“In all junior series, we’ve been used to only doing one free practice session, so I think we could do with less.”

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McLaren driver Lando Norris, who finished second in F2 in 2018 prior to his graduation to F1, supported the idea of increased track time for F2 and F3.

However, he did say that this would need to go hand-in-hand with more sets of tyres being available in F2 and F3.

“I completely agree, for Formula 2 and Formula 3,” said Norris when asked about less practice time for F1 and more for F2 and F3.

“One [problem] is that they have terrible tyre which lasts about a lap. From my time in it, when you see that the cost of how much it is to do this series versus the amount of laps you get, it’s shocking. It’s really shocking to see how much money you spend to do a junior category before Formula 1, just to give yourself a chance to be in Formula 1. It’s really stupid.

“They only have an FP1 as well, which is terrible. So it would be good if they had more track time. It’s definitely a good thing for junior drivers to get from Formula 1.

“It [less F1 free practice] is not something I’ve necessarily thought of to be honest with you. If you look at this in a simple way, practice is never going to be as interesting as qualifying and the race, but I don’t know what else you would do necessarily.”

Haas driver Nico Hulkenberg said that he “quite enjoyed” the junior session format with reduced running before qualifying, while F1 rookie Logan Sargeant indicated that he doesn’t see three practice sessions as necessary despite it being beneficial for a driver of his experience.

“Three [free practice sessions] is definitely a lot, especially coming from F2 where you just have to take risk a lot sooner than I currently have to,” said Sargeant.

“As a rookie, I don’t mind having two or three, but going forward I don’t think three is necessary.”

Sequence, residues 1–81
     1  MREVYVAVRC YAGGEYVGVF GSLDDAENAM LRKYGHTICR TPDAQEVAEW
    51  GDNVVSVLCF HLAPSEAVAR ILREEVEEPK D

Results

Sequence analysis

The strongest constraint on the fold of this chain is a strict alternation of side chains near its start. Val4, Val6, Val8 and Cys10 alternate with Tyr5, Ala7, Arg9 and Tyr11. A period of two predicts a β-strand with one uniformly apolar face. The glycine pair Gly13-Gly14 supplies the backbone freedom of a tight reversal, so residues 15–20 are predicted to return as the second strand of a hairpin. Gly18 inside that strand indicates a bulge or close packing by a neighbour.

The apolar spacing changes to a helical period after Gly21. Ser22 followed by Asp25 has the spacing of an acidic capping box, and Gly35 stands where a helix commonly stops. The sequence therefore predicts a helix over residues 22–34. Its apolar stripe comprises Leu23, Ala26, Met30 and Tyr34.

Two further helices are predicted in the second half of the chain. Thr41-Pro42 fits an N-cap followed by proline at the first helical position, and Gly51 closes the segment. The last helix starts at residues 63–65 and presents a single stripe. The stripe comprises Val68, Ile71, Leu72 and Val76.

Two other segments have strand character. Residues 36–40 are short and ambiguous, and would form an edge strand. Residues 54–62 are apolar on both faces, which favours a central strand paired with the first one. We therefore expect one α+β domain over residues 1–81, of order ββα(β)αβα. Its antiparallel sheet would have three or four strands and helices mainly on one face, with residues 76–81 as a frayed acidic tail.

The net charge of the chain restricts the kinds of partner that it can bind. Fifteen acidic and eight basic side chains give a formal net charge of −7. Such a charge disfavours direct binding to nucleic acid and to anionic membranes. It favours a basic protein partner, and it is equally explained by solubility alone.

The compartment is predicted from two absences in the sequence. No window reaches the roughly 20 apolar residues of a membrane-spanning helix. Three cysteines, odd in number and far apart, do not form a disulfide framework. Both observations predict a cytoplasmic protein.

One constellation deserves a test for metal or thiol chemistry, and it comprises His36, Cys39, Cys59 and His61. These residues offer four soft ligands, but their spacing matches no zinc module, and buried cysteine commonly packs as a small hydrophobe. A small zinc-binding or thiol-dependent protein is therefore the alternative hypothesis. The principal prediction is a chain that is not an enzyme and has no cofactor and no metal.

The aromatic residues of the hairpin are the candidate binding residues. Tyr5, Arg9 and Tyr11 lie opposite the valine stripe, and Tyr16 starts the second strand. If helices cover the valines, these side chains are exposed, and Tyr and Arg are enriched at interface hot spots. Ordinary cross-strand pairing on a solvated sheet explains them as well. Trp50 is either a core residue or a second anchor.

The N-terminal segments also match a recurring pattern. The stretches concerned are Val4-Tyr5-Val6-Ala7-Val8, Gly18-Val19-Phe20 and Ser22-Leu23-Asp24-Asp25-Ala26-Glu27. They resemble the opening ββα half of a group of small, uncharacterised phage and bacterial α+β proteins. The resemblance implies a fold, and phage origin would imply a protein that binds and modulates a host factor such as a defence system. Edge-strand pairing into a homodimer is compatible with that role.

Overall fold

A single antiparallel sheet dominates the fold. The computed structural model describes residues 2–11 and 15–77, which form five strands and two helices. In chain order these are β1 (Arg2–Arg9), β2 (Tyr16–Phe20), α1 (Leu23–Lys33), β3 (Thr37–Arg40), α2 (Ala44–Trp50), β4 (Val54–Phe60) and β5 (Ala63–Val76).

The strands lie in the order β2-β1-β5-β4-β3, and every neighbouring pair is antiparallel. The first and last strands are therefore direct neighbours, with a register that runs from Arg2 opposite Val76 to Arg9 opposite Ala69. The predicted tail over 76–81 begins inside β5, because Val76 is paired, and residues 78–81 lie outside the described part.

However, Russell stressed that F1 should not go as far as abolishing free practice sessions with nothing at stake entirely within the context of suggestions something should be up for grabs in every session.

Domenicali said last year that “every time we’re on track, there should be something to fight for in terms of points or [some kind of] award”. However, he also implied that as part of that there could be a single free practice session with nothing at stake as part of what he called a “very aggressive” approach.

F1 testing is strictly limited, with in-season testing banned outside of Pirelli tyre testing in which teams are not allowed to trial new parts and must run to a dictated programme, so it would be necessary to retain one session where teams can experiment in lieu of such running.

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“Just practice to dial in the car to test things for the future,” said Russell when asked if there should be points or some other benefits awarded in every session, or whether it should remain as free practice.

”We obviously have no testing at all. One session is good enough for all of us to do the various things we need to try and to help develop. This is still the pinnacle of the sport and you don’t want to be just left with the car that you created at the start of the year with no opportunity to trial new things.